Fresh Prince of Bel Air, The: The Complete Second Season (DVD)
Before he became one of the biggest movie stars in the world, Will Smith (Independence Day
, Men in Black
) spent six seasons as a poor kid from Philadelphia who gets sent to his wealthy aunt and uncle in California to learn some class--leading to a classic sitcom collision of street smarts and pampered privilege. The Fresh Prince of Bel-Air - The Complete Second Season
finds the show in a happy groove. Will and the Banks family snipe and bicker cheerfully while grappling with problems ranging from true-to-life to truly preposterous. The more realistic side of life is found in episodes such as when Will's mother Vy (Vernee Watson-Johnson) has a new boyfriend and Will gets jealous, or when Will finds himself attracted to a girl (Queen Latifah, Bringing Down the House
), but won't take her to the prom because she's overweight. The ridiculous side bursts out when Will and his pompous cousin Carlton (Alfonso Ribeiro) decide to make money by becoming strippers.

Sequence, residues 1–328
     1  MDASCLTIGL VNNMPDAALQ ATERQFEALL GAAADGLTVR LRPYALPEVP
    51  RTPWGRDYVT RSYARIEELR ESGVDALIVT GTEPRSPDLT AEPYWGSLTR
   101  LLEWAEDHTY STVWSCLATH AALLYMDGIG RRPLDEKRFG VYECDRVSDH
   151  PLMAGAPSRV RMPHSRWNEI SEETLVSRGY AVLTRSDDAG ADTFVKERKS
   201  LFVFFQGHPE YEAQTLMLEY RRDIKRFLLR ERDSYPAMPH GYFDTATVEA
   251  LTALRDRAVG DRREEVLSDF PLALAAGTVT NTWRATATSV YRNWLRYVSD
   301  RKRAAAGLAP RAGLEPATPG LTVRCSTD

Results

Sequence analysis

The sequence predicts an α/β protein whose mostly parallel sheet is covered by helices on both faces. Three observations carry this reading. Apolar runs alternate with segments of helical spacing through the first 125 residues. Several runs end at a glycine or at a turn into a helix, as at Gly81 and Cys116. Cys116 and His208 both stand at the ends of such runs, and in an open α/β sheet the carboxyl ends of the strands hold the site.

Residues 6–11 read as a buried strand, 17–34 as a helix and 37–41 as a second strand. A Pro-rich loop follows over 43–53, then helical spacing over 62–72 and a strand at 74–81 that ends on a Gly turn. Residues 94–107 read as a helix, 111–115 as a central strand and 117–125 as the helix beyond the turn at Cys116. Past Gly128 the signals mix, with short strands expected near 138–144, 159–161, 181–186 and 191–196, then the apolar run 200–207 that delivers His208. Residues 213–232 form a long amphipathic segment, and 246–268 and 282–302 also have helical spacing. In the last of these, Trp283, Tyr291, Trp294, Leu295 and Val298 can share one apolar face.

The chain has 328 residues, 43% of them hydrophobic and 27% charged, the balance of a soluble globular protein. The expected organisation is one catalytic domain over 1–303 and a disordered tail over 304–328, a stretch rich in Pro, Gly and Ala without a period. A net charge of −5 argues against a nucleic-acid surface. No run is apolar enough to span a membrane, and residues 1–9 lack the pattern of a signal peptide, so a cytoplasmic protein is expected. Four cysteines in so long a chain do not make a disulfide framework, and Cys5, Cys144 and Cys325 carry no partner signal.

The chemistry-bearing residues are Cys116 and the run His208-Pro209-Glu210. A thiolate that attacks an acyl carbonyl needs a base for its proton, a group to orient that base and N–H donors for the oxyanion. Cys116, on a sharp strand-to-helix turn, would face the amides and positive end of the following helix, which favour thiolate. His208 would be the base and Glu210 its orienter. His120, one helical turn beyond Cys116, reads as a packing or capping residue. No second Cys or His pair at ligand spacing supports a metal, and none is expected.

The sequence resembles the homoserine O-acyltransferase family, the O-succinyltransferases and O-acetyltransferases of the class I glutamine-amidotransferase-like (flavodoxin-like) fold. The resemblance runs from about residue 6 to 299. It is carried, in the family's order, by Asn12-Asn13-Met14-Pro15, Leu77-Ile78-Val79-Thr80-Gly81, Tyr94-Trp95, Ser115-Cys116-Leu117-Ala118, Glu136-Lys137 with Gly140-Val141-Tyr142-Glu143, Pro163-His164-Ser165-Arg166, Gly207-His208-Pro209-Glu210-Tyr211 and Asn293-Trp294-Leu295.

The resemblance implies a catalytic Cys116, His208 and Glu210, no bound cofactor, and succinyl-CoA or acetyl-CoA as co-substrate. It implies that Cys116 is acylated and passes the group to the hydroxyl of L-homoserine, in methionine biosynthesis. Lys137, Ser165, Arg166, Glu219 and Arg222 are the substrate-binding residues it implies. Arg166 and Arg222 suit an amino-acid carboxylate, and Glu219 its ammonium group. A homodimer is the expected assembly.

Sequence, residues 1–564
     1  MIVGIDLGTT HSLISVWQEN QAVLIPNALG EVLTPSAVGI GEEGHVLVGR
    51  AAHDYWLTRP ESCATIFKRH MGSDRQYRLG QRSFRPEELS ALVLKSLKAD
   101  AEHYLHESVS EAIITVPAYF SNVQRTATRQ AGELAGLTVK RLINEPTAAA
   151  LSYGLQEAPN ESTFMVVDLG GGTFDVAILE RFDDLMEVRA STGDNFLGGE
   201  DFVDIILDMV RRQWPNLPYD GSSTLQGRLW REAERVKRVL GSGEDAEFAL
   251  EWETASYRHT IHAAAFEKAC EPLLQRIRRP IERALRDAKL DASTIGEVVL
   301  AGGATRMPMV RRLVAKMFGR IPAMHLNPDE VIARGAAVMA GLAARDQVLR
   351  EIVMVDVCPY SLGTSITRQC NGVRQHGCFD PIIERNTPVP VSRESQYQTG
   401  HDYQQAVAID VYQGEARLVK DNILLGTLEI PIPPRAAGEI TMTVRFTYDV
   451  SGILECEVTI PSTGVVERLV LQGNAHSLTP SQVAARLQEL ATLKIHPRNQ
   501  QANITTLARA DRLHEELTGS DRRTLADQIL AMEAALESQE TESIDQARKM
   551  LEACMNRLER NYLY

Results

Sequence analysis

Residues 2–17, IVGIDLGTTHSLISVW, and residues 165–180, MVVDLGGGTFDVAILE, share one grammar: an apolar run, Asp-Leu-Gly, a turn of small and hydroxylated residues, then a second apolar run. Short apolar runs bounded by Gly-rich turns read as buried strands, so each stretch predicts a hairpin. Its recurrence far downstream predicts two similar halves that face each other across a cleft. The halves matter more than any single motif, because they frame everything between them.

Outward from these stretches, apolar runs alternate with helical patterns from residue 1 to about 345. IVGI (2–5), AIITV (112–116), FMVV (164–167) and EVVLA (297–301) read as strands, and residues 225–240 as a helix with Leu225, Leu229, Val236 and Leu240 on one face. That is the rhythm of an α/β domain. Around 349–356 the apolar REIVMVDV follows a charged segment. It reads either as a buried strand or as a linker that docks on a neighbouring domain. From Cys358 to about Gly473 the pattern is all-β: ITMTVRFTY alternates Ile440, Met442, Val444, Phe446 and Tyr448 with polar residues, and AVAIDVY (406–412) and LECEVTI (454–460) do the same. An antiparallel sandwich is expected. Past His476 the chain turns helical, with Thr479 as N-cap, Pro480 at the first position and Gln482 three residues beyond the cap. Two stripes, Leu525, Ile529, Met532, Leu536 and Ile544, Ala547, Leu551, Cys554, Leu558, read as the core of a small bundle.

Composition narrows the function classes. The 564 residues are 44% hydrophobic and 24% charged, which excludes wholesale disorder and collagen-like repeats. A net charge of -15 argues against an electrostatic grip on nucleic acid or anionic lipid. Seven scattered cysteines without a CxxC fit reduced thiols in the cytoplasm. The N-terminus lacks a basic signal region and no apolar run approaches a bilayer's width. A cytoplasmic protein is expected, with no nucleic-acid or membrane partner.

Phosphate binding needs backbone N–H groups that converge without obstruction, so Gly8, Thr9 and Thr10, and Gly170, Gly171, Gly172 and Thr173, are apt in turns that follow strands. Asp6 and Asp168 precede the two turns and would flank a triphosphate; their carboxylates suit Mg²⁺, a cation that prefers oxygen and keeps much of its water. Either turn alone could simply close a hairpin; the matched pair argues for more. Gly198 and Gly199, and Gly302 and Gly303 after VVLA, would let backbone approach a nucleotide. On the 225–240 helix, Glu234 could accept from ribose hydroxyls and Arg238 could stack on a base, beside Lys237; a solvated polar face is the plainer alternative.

But whether realistic or silly, The Fresh Prince of Bel-Air stays a crisp, clean sitcom, with snappy writing and brisk, capable interplay among the cast, which also included James Avery and Janet Hubert-Whitten as Mr. and Mrs. Banks, the tolerant and usually sensible parents; Karyn Parsons as the spoiled, narcissistic Hilary; Tatyana M. Ali as the cute, sassy Ashley; and Joseph Marcell as the droll British butler Geoffrey. Despite living in a fantasyland of wealth, the show regularly touched on racial and class issues--lightly, but not turning a blind eye to the complexities of American life. When Will's aunt Janice (Charlayne Woodard, The Crucible) wants to marry a white man, Vy refuses to accept the match; Geoffrey falls in love with a neighbor, but rejects her when he learns that she's an heiress and not a housekeeper. The writers are clever enough to subvert expectations, such as when Will loses a basketball game so another player can catch the eye of a pro scout--only to learn that the other player thinks professional sports are an absurd gamble and doesn't want that kind of career. Through it all, Will Smith kept the show from being just a showcase for himself; he's secure enough to let the other actors take the spotlight, but carries episodes easily when they're built around him. No longer a rookie in this season, his comic chops start to equal his cocky charm, making the second season particularly strong. --Bret Fetzer